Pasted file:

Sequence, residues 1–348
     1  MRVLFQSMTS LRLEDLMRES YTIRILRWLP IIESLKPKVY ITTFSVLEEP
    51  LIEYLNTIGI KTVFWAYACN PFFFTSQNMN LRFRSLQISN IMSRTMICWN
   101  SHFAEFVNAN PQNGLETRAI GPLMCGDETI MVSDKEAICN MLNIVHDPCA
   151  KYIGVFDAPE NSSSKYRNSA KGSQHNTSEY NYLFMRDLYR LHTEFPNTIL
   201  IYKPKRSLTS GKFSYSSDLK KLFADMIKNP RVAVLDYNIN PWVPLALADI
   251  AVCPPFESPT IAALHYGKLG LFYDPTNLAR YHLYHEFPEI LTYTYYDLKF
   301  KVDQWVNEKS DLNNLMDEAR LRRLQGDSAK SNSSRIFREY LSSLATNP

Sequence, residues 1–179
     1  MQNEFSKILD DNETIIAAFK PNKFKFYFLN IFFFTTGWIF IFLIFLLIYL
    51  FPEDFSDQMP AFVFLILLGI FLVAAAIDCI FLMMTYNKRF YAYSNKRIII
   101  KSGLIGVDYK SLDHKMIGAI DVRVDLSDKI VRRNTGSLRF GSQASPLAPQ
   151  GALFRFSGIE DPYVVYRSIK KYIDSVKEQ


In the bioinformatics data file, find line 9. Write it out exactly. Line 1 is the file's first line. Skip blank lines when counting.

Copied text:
Sequence, residues 1–179